9 May 1997 Segmentation and quantitation of the primary human airway tree
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There has been an increased interest in automatic segmentation of volumetric medical image data. One of the reasons is that automated segmentation takes away the variability which exists when data is segmented manually. It also reduces processing time significantly. However, because of the stochastic nature of biological structures and the fact that no two data sets and scanner models are alike, it is very important to develop automated methods which process images in an adaptive manner and use a priori information to simplify the process. The method which we present here adaptively determines thresholds in order to segment out the primary human airway tree and uses some a priori information about the manner in which branching occurs, specifically the order in which the upward and downward branches arise from the right and left bronchi. We present preliminary results from this method, which automatically segments out the first four generations of the airway tree reliably, in data sets from both normal and airway comprised subjects and present comparisons with the current 'gold standard' of manual segmentation.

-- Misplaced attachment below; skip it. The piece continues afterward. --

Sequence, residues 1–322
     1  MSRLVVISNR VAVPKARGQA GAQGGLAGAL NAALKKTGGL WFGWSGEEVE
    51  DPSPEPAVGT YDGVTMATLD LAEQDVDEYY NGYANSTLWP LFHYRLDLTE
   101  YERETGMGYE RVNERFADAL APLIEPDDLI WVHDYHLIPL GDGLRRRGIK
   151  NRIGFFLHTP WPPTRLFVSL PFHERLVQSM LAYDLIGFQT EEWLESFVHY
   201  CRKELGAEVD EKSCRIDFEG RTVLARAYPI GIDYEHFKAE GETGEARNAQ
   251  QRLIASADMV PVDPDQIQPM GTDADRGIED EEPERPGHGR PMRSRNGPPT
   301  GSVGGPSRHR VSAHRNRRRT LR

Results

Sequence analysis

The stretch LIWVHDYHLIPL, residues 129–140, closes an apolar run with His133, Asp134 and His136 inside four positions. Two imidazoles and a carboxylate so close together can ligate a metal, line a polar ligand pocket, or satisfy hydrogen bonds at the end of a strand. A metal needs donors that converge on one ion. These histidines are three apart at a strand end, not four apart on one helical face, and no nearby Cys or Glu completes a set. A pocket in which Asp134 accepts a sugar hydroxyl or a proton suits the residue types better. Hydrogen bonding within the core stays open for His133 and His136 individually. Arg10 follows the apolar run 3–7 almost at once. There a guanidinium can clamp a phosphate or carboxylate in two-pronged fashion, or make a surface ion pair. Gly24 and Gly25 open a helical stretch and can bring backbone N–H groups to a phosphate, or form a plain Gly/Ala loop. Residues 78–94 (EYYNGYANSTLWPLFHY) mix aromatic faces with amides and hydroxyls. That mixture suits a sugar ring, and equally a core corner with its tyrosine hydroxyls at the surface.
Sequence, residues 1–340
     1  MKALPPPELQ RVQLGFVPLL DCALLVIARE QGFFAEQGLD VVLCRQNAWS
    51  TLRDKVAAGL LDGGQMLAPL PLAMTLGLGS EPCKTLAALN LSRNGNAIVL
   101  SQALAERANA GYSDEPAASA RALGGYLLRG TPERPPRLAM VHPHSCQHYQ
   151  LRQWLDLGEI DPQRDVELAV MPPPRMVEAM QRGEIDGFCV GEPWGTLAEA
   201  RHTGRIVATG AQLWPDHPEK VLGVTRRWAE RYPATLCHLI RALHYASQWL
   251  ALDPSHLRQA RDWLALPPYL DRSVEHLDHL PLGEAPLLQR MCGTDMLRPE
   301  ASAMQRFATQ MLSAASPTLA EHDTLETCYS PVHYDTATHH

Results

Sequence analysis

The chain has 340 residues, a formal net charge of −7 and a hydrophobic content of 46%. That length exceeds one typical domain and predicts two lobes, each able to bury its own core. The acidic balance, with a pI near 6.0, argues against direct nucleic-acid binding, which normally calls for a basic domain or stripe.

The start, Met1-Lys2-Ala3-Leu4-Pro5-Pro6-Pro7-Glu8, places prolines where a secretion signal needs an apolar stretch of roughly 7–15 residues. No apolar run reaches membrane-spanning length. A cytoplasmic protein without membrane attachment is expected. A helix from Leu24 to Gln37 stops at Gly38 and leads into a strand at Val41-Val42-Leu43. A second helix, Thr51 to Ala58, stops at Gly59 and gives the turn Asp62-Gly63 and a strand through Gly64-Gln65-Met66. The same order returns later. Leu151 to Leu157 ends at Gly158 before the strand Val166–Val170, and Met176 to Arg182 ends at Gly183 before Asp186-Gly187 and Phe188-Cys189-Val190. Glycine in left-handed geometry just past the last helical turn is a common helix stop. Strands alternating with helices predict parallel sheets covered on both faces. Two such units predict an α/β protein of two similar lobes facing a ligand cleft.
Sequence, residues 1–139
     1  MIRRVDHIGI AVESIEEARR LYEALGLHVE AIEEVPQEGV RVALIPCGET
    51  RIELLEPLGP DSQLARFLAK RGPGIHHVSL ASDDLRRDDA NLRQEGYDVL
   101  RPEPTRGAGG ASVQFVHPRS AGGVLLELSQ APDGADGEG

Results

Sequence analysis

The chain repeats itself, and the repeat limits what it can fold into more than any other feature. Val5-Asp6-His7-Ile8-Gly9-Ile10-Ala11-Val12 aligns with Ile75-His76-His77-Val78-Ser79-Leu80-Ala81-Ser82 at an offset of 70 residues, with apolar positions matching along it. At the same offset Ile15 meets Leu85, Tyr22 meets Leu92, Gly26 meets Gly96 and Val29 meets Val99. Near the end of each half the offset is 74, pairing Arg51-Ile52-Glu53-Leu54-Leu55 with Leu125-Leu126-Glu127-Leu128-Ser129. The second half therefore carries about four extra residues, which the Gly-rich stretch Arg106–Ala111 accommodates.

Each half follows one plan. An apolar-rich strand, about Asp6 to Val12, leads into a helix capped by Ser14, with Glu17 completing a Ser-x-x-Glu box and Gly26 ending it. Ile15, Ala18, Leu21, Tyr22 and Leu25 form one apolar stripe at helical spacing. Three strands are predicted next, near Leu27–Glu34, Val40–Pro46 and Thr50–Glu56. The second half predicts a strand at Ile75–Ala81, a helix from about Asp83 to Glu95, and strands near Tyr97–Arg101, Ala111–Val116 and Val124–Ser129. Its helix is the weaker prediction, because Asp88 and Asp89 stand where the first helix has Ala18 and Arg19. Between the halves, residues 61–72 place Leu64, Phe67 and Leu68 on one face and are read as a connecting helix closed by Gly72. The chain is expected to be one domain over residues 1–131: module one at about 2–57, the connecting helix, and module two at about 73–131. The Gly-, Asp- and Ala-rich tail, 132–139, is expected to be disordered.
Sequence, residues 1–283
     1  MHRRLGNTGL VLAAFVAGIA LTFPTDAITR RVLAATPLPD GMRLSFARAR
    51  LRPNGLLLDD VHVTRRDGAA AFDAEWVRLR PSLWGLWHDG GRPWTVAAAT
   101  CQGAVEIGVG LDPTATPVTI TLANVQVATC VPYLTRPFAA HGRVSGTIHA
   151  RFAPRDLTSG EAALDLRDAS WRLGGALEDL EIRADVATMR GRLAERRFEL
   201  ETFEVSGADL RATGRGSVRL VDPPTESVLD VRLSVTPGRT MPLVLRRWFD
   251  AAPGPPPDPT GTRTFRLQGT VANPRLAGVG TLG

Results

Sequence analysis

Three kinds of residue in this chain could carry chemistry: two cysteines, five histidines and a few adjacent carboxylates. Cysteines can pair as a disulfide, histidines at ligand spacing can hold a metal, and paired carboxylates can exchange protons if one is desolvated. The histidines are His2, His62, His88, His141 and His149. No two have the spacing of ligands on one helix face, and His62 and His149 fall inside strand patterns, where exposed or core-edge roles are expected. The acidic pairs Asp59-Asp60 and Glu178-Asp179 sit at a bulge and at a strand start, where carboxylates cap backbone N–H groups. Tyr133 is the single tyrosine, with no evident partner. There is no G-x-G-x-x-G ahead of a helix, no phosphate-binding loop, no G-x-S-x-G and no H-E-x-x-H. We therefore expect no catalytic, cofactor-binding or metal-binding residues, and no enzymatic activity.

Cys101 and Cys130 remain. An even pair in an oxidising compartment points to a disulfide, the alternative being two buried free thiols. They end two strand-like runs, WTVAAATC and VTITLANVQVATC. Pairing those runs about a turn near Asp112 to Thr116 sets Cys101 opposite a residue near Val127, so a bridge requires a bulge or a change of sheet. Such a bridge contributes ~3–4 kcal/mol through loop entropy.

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Rajendra Chiplunkar, Rajendra Chiplunkar, Joseph M. Reinhardt, Joseph M. Reinhardt, Eric A. Hoffman, Eric A. Hoffman, "Segmentation and quantitation of the primary human airway tree", Proc. SPIE 3033, Medical Imaging 1997: Physiology and Function from Multidimensional Images, (9 May 1997); doi: 10.1117/12.274066; https://doi.org/10.1117/12.274066

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